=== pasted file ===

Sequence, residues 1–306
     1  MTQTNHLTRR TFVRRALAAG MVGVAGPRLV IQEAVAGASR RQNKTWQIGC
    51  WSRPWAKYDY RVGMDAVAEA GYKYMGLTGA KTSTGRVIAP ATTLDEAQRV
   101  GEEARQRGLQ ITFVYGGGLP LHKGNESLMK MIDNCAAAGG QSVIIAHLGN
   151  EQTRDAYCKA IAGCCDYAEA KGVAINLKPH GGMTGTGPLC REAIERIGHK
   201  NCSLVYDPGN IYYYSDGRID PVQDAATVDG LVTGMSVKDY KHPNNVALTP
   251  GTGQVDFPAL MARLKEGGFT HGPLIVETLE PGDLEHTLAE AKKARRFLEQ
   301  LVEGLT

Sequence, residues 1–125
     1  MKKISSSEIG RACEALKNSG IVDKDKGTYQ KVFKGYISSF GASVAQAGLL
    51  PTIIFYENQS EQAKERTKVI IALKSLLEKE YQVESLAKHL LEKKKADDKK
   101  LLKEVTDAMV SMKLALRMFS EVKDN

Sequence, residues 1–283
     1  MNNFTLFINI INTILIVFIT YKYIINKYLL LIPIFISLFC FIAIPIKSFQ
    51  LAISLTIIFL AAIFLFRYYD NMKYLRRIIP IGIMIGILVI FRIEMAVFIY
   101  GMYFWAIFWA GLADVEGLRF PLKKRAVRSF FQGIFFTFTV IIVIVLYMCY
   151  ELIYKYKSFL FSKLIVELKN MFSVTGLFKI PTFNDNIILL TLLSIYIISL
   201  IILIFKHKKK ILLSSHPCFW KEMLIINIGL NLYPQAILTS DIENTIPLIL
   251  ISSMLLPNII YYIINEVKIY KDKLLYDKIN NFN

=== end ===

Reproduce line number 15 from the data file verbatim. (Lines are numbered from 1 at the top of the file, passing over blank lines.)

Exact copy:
    51  LAISLTIIFL AAIFLFRYYD NMKYLRRIIP IGIMIGILVI FRIEMAVFIY